Among the better known Mitzvot in Parashat Kedoshim are those of “Lo Teileich Rachil BeAmecha, Lo Ta’amod Al Dam Rei’echa,” “You shall not move among your people as a gossip, nor shall you stand idly by your fellow’s blood” (VaYikra 19:16). In order to understand the juxtaposition of these two Mitzvot, we must first examine each one’s essence.
“Lo Teileich Rachil BeAmecha” is the negative commandment against being a gossiper. Considering the previous double Parashah of Tazria-Metzora, which mainly focuses on the transgression and punishment of Leshon HaRa, speaking ill of another, it makes sense to mention another violation regarding speech. Both Leshon HaRa and Motzi Sheim Ra, another form of forbidden speech, are closely associated with gossip. In fact, being careful with our speech is an integral part of Judaism as a whole. The destruction of the second Temple was largely due to the misuse of words to hurt others when the Jewish people spoke to each other. Similarly, during this period of the Omer we mourn Rabi Akiva’s 24,000 students who died as a direct result of not speaking to each other with respect. Clearly, speech is tremendously powerful.
We can sum up all of these violations of speech as Rechilut. Rechilut is defined as any communication that generates animosity between people. This is not taken lightly, as there are many incidences in Tanach where this has caused a lot of harm to the Jewish people as a whole. In Sefer Shmuel (Shmuel I 22) we hear of Doeg, who told Sha’ul that Achimelech gave food and weapons to David as he was fleeing from Sha’ul. After hearing this, Sha’ul had the entire city of Nov destroyed and its Kohanim killed. In Mishlei the Pasuk records, “Sheish Heinah Sanei Hashem VeSheva To’avat Nafsho,” “There are six things that Hashem hates, and the seventh is an abomination to His soul” (6:16). The seventh thing, the To’eivah, is the “Meshalei’ach Midanim Bein Achim,” ”He who creates disputes among friends” (Mishlei 6:19). Why single out that final act as an abomination? Why is it distinct from the other six acts which Hashem hates? The Chachamim explain that the act is Rechilut, and therefore the most severe of them all.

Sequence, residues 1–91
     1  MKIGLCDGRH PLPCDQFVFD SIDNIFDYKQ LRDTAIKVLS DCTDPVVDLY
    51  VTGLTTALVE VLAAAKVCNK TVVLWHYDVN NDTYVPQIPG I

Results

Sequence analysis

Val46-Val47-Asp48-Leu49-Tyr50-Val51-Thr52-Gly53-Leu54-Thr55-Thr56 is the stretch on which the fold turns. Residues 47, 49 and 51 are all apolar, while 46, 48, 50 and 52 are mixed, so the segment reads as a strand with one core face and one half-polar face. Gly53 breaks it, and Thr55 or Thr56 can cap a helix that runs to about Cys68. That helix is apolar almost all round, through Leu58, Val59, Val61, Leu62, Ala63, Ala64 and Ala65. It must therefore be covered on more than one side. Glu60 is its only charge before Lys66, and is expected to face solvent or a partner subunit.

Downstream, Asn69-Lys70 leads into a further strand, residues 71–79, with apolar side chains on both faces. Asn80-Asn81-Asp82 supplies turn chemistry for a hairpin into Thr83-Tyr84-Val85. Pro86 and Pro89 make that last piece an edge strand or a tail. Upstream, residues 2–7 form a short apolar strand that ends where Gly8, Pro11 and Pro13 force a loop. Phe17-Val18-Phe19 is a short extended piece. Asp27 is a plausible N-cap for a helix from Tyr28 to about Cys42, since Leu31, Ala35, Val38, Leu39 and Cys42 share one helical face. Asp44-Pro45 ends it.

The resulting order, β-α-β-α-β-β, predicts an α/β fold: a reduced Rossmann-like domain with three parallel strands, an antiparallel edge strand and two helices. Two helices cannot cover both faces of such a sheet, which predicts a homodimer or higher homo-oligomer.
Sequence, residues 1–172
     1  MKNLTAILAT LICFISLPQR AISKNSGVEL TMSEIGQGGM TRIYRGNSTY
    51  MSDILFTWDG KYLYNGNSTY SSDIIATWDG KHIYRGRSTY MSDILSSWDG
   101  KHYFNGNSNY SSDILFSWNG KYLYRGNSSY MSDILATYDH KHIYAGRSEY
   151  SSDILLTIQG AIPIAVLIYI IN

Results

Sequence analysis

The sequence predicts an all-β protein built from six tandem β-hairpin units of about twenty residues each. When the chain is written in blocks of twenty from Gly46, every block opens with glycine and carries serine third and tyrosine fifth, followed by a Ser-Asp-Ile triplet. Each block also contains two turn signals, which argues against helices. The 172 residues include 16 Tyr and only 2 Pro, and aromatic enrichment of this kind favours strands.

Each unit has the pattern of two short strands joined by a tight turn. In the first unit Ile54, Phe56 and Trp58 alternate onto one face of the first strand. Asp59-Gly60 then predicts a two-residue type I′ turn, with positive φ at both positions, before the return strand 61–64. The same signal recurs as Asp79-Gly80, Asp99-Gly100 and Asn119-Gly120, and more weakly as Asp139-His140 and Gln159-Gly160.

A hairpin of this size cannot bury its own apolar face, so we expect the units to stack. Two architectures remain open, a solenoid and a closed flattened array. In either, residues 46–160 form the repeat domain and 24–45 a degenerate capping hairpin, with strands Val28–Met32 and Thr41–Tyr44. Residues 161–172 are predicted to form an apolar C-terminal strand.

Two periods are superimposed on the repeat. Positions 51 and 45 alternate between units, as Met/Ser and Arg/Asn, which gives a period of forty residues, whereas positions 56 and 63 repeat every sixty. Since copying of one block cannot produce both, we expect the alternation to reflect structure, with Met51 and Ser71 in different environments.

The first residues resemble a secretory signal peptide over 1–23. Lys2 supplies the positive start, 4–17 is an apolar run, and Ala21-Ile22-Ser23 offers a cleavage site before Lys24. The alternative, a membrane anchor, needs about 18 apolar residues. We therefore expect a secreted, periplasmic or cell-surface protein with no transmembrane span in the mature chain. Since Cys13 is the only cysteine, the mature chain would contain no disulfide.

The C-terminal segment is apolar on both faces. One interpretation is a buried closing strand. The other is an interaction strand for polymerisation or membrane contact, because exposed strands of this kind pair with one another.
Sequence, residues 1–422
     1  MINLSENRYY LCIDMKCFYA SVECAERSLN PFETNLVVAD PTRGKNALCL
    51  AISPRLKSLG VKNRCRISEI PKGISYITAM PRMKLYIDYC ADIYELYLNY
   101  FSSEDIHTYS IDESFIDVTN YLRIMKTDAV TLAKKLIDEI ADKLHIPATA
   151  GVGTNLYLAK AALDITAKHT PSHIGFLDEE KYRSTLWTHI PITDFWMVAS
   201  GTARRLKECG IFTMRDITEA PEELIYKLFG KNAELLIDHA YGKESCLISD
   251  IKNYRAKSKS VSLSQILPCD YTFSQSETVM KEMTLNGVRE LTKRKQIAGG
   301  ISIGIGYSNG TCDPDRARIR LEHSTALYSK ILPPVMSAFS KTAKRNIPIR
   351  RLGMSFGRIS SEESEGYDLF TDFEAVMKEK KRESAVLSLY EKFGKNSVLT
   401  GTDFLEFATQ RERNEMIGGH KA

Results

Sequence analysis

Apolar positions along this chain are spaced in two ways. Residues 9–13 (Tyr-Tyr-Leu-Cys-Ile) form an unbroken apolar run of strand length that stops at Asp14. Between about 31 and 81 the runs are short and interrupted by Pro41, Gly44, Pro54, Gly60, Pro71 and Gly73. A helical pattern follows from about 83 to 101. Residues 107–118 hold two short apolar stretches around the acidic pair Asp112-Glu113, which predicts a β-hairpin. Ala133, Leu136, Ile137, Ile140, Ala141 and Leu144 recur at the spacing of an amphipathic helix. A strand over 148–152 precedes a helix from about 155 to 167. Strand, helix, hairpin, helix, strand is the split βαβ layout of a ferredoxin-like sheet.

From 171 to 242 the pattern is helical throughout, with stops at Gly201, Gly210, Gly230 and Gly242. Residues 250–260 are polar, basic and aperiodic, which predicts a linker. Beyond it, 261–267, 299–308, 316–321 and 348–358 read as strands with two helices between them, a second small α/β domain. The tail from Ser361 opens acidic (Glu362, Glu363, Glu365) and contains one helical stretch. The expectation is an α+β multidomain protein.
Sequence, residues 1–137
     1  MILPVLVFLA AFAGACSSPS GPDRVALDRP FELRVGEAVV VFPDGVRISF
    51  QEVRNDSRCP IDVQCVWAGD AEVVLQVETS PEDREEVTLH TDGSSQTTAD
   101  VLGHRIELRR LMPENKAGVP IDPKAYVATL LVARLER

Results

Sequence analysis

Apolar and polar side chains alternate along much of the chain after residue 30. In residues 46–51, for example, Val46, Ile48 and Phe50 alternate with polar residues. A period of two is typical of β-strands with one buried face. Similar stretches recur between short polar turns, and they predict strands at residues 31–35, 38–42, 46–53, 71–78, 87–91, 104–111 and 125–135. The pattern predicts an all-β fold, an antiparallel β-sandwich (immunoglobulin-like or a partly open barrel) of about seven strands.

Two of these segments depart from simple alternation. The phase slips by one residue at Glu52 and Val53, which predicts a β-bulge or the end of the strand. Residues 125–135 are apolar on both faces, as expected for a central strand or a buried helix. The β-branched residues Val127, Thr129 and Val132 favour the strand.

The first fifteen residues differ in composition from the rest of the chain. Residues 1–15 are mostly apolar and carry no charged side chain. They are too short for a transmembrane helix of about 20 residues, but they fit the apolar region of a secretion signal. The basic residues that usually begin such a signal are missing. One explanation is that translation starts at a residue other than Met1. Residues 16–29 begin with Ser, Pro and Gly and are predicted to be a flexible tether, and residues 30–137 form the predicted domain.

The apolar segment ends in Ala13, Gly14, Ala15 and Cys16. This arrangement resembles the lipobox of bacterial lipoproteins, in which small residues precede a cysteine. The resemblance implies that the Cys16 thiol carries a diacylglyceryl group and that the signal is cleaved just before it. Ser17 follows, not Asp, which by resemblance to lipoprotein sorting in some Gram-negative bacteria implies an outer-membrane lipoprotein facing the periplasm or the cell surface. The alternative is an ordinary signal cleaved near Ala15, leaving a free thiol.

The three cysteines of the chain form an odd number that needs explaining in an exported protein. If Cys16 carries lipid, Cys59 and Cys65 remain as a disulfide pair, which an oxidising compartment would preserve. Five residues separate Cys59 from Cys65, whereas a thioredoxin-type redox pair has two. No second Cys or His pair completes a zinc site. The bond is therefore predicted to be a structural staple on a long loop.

Now let us examine the second commandment in the Pasuk, “Lo Ta’amod Al Dam Rei’echa.” Why is this prohibition of standing idly by while blood is shed connected to the violation of damaging someone through speech? We can categorize our actions into three extremes: causing damage, doing nothing, and preventing damage. When we talk gossip about someone else we are causing psychological, emotional, and often physical damage far beyond what we are aware. So is it better to do nothing at all? The Gemara (Sotah 11a) tells us of a situation in which Par’oh was deciding to enslave the Jews and murder their baby boys. There were three individuals involved in that decision: Bil’am, Iyov, and Yitro. Bil’am advised in favor of these evil decrees, ultimately leading to his death. Iyov, who said nothing and acted as the silent bystander, was later punished. But Yitro opposed Par’oh’s decrees and fled, and he was rewarded with his descendants being great Torah scholars.
The moral of the story is that it is insufficient to remain silent, and it is certainly wrong to act badly. Rather, we should oppose actions that we know are wrong, and we must not stand idly by as our brethren are being hurt. The Pasuk starts, “Lo Teileich Rachil BeAmecha,” don’t cause bloodshed among your people though gossip, but it concludes, “Lo Ta’amod Al Dam Rei’echa,” don’t allow your fellow to be hurt. It isn’t enough to refrain from doing the wrong thing; rather, take the initiative to shield others from evil. If the students of Rabi Akiva had considered each other’s interests, we may not be mourning their death. Had Am Yisrael taken initiative against Sin’at Chinam, hatred of one another, the second Beit HaMikdash might have lasted. And when reflecting on the Holocaust as we did on Yom HaShoah, we often learn about the many silent bystanders who did nothing as an entire nation was nearly eliminated. Had they followed the mandate of “Lo Ta’amod Al Dam Rei’echa” many lives could have been saved. We should all strive to not only avoid doing the wrong thing in the future, but also to take action against that which is evil. When that day comes, we will never again have to worry about mourning the preventable.